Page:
If I had never pushed myself beyond my comfort zone, I wouldn’t be graduating this fall with a biochemistry degree nor would I have won a National Championship. I realized that I could pile on the workload and not buckle under the pressure. You have to constantly be in an all out assault on your day, attacking any moment that could give you an edge. Don’t be afraid to practice alone on your days off or do a second or third practice when you have time. If you are a good enough athlete to be competing at a collegiate level, you can survive a few extra workouts a week. The NCAA guidelines that restrict the coaches to the amount of practice time they can assign you aren’t restricting what you do in your free time. A gallon of whole milk is a cheap and effective way to cover up any calorie deficit you might accrue from the extra training. Academically, take the “hard class” that is required to get into your dream major. You will regret it if you back out of the challenge out of fear. I nearly didn’t pursue biochemistry because I was afraid I couldn’t do it while rowing. At the same time, it is important to figure out what is meaningful to you.


6. Manage your passions.

If you aren’t passionate about what you are doing, there is no point in doing it.

For a while, I wanted to immediately join the national team after I graduated. I had tunnel vision on this objective, and it clouded my judgement. Eventually, I realized that I was going through the motions without being passionate about where I was going. Stepping back and looking at the big picture can bring clarity. If you aren’t passionate about what you are doing, there is no point in doing it. You certainly aren’t going to excel in your field if you don't care. One important way to manage your passions is to set goals for your future.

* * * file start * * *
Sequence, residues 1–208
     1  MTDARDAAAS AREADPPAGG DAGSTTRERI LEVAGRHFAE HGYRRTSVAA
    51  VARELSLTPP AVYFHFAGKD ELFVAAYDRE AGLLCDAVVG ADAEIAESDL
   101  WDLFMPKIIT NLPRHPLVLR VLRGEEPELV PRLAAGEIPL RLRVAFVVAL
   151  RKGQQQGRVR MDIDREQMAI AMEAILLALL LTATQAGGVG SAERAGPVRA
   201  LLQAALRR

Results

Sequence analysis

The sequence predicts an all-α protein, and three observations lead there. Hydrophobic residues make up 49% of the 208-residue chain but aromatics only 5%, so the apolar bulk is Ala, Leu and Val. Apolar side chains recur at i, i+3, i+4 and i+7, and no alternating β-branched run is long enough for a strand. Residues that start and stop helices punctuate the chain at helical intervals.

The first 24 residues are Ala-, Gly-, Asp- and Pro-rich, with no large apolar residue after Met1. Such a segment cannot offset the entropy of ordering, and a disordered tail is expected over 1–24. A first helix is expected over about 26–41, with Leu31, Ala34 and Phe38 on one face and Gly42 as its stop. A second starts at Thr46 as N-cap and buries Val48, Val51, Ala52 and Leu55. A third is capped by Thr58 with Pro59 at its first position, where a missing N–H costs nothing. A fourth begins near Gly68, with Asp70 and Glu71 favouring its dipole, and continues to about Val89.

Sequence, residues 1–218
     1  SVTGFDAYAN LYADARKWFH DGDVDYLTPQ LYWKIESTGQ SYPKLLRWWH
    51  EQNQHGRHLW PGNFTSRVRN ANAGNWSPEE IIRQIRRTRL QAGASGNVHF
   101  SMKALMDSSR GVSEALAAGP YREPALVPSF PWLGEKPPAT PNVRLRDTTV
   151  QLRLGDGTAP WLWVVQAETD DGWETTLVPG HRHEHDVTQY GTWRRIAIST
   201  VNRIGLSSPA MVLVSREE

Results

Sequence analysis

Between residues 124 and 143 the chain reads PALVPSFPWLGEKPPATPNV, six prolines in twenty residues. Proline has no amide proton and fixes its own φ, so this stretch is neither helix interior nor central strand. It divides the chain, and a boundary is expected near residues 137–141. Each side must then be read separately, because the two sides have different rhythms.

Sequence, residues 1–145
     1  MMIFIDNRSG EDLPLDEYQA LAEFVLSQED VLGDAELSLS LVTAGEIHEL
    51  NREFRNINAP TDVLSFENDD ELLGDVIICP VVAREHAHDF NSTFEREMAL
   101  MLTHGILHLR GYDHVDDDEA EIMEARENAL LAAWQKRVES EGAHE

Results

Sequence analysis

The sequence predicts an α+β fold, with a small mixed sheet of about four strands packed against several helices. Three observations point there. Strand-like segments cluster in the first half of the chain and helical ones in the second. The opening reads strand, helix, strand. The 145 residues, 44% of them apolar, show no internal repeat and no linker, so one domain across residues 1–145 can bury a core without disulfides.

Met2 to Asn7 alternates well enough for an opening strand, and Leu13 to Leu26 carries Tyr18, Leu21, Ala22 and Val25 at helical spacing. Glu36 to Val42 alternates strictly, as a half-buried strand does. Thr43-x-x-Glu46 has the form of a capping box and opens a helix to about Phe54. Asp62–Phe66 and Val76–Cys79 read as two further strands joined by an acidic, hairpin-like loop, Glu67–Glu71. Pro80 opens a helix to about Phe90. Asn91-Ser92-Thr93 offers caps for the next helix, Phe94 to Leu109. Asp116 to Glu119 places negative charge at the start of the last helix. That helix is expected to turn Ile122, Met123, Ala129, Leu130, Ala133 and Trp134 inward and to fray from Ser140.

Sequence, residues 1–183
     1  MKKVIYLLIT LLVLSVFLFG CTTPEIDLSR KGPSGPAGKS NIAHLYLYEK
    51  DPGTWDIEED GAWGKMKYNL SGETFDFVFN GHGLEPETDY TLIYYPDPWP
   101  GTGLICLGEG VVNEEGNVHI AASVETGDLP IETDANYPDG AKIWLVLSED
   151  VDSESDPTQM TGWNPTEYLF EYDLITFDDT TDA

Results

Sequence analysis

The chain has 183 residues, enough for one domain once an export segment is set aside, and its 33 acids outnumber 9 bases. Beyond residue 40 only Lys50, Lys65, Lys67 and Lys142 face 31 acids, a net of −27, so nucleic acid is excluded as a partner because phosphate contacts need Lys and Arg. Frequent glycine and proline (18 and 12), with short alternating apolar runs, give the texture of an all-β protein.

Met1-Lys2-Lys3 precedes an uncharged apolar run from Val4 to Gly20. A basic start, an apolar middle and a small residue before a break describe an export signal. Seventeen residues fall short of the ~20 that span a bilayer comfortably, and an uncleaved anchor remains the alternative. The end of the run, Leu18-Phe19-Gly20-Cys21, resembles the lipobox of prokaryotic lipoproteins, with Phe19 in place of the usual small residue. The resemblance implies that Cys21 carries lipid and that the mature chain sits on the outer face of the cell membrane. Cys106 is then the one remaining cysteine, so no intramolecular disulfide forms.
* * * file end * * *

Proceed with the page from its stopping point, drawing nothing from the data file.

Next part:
7. Set goals.

If you aren’t working to get somewhere, you will be aimless and lost as a scholar athlete. I had to set specifically defined goals in order to succeed. By reassessing where I was in relationship to my goals, I could tell if I was making progress or not. My goals also helped me realize when I was in need of outside assistance. If I wasn’t accomplishing what had to be accomplished, I realized, after way too long, that I should seek help from those who could provide it.


8. Have the difficult conversation with your coach/professor.

If I could go back and tell my freshman self something now, it would be to not fear your academic and athletic support staff and use them as much as possible.

When things started to go downhill with rowing or school, I had a tendency to turn inward and try to work harder in order to dig myself out of the hole I had created. After a while of figurative undigging, I would find myself wishing I had gone to someone earlier. If I could go back and tell my freshman self something now, it would be to not fear your academic and athletic support staff and use them and their resources as much as possible. A number of times, I practiced while sick because of a misguided fear that my coaches would be upset with my illness. This resulted, inevitably, in getting sicker and not recovering nearly as fast as I could have. The number of times I have been afraid to go to a professor's office hours because of my perceived lack of understanding being correlated to my status as an athlete is countless. Most of the time, I was wrong about being ignorant and all of the time (in my experience) the professor never thought it was because of my sport. Being able to admit that I was stuck and finding the appropriate help to proverbially “dig myself out of my hole” has been a crucial skill as a nearly graduated athlete.